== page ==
How to Ask for Letters of Recommendation – Part III

What if, when you take a lab or a class with an Adjunct Instructor or Professor, you not only do very well, but you also think he/she would be able to write an excellent recommendation letter talking about how you were the shining star in that class/lab?  Will the program you are applying to give the same weight to a letter signed by someone who is not a faculty member, or does not have a Ph.D. or M.S.?  This final part of the series provides advice regarding non-traditional letter writers. Unfortunately, there’s not a fast rule about this. Some schools prefer the letter writers to have advanced dtypewritteregrees, because those individuals have successfully completed graduate school and will be able to assess your abilities better. Some schools prefer letter writers to be full-time faculty, because faculty members are vested in the reputation of their school. All of this also depends on who evaluates your application and their own personal opinions. So no, there’s no easy answer. But there are options:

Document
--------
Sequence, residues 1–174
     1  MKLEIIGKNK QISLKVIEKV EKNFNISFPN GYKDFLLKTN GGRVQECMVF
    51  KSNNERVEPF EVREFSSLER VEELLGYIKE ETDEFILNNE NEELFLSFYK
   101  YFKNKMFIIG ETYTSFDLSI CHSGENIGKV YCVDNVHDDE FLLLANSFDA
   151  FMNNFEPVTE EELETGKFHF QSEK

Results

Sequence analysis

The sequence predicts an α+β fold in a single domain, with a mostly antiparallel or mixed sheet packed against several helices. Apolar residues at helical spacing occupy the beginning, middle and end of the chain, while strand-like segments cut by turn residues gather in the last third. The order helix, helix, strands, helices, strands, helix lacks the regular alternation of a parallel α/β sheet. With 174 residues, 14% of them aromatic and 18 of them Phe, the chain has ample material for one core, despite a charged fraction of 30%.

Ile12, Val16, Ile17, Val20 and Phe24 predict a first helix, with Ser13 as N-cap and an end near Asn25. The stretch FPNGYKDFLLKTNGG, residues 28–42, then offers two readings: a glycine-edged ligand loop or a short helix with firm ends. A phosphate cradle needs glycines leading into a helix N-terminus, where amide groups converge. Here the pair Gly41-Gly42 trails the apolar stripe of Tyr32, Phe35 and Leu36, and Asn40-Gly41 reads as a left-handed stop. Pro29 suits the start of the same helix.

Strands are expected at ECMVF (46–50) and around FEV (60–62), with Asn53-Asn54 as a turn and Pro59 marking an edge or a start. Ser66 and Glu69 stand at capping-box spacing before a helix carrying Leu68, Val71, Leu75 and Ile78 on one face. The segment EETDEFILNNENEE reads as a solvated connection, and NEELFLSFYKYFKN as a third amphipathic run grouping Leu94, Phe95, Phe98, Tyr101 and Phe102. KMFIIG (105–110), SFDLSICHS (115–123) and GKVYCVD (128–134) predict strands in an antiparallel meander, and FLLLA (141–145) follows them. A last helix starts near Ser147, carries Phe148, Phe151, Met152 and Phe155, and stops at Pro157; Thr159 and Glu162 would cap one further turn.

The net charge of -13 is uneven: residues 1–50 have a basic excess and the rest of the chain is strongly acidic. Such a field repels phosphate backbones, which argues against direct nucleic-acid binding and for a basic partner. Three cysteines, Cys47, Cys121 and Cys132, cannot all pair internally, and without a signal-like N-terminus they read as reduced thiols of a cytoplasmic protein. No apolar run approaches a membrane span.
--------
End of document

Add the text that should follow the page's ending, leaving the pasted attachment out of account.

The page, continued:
1. Call the program that you are applying to and ask. Some schools will give you guidance, some schools won’t. Other schools will leave it up to you.
  2. Ask the lead faculty member to write the letter.  If an Adjunct Instructor taught a lab, and you did well in both the lab and class portion, consider asking the lead faculty member to write a letter and ask him/her to incorporate input from the Adjunct.
  3. Ask the coordinating faculty member to co-sign the letter.  If the class and the lab are taught by Adjunct Instructors, consider asking the faculty member that coordinates the class to co-sign the letter with them.
  4. Request letters from instructors of advanced courses.  I strongly recommend doing 1 and 2 only for high-level courses, not for introductory courses.